Then, I became aware that Newman was not in that bunk; and a rapid su

rvey of the foc'sle showed he was not in any bunk. He was gone, though his sea-bag was still lying on the floor. The bunk I thought he was in contained an occupant of very different aspect from my grim companion of the night before.

A short, spare man of some thirty years, wearing an old red flannel shirt, was stretched out upon the bare bunk-boards. Lynch and I contemplated him in silence for a moment.

He was no beachcomber or sailor, one could tell that at a glance. His skin had no tan upon it. It was white and soft. Obviously, he was no inhabitant of the underworld of forecastles and waterside groggeries. His white face looked intelligent and forceful even in unconsciousness.

In some way, the man had come by a wicked blow upon the head. It was the cause, I suspected, of his swoon, and stertorous breathing. Dried blood was plastered on the boards about his head, and his thick, dark hair was clotted and matted with the flow from his wound.

Lynch leaned over, and opened one of the fellow's loosely clenched hands. It was as white and soft as a lady's hand.

"This jasper is no bum-or sailor!" declared Lynch. "That damn Swede's been up to some o' his tricks. Well-we'll make a sailor of him before we fetch China Sea, I reckon!" He straightened, and turned on me with another demand for Newman. "Where did you say that big jasper was?"

I shrugged my shoulders helplessly. I could have sworn Newman had turned into that bunk; and I told him so.

Lynch snorted. "Didn't have the guts to face the music, I reckon, and cleared out! Well, if he tried to swim for it, I'll bet he's feeding fishes now!" His eyes roved around the room. Several of the bunks were occupied by nondescript figures, but Newman's huge bulk did not appear. "Damned seedy bunch," commented Lynch. "Couldn't afford to lose good beef. Hello-who's this?"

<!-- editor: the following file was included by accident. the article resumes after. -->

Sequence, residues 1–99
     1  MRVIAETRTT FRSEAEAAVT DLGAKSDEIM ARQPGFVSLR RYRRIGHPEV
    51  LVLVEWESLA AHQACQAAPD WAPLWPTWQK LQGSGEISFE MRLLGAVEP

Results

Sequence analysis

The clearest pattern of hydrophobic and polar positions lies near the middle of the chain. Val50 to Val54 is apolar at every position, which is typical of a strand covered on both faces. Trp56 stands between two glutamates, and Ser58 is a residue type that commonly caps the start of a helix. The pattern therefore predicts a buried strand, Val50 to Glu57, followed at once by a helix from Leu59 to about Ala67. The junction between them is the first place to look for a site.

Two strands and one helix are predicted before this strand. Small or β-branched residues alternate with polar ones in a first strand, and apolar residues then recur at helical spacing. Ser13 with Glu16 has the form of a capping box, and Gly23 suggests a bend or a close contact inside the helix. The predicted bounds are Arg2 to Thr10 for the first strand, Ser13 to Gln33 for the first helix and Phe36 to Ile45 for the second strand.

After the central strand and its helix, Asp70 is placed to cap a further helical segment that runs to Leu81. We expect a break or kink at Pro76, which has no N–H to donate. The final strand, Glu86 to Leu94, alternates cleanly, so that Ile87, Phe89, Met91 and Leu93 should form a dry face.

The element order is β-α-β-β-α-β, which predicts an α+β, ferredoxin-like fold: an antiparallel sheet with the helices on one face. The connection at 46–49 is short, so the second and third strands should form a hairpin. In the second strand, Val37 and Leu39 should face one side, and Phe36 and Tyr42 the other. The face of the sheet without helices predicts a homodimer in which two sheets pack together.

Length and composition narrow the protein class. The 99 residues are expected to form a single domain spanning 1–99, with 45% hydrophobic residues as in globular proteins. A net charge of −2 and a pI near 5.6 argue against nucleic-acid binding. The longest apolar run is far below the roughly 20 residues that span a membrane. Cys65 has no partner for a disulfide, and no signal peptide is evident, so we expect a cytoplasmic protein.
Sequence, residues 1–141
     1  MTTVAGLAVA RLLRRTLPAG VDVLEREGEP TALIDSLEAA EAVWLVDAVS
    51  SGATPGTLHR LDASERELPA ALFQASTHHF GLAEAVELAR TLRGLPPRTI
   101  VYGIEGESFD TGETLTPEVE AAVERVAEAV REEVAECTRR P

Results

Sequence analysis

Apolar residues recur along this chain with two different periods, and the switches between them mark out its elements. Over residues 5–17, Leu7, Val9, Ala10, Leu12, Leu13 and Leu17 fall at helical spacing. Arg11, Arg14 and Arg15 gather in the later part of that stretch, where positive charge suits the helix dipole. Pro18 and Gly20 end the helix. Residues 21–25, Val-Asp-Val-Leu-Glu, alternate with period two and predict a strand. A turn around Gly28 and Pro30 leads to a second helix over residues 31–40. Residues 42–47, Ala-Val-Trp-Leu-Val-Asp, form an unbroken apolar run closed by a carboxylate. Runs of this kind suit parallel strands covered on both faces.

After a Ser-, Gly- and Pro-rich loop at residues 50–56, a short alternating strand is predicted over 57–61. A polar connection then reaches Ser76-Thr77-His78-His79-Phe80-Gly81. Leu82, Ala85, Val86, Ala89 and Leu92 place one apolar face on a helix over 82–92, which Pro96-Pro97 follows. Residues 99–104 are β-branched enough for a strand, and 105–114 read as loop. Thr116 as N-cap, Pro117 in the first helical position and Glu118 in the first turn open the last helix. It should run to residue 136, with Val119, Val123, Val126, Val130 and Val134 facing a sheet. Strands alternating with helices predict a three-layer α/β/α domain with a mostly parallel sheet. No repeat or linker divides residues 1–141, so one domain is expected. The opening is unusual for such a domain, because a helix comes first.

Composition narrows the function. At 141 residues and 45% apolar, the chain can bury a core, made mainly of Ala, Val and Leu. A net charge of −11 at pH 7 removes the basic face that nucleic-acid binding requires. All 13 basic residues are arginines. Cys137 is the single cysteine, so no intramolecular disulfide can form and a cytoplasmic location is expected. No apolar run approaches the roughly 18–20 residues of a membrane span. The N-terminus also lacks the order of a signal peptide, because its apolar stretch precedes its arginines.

His eyes rested upon the bunk farthest forward, athwartship bunk in the eyes. The body of a big man lying therein loomed indistinctly in the gloom of the corner. Lynch reached the bunk with a bound, and I was close behind.

But it was not Newman. It was-the Cockney! The very man to whom the Swede had tendered the runner's job, the man Newman had manhandled! He lay on his back, snoring loudly, his bloated, unlovely face upturned to us.

I laughed. "It's the runner," I said. "The Swede's first runner.

Swede gave him the job yesterday."

"And gave him a swig out of the black bottle last night!" commented Lynch. Then he grasped the significance of the Swede's double cross, and his laughter joined mine. "Ho, ho-shanghaied his own runner! Ho, ho . . . that damned Swede!"

Then it evidently struck Mister Lynch that he was conducting himself with unseemly levity in company with a foremast hand. His face became stern, his voice hard, and my moment of grace was ended.

"Turn to!" he commanded me. "What are you standing about for? Get out on deck, before I boot you out!"

I knew my place, and I obeyed with alacrity. As I reached the door, his voice held me again for a moment.

"I guess you are a smart lad," says he. "I'll pick you for my watch, if Fitz doesn't get ahead of me. Got your nerve-shipping in this packet! If you know your work, and fly about it, you'll be all right. Otherwise, God help you!"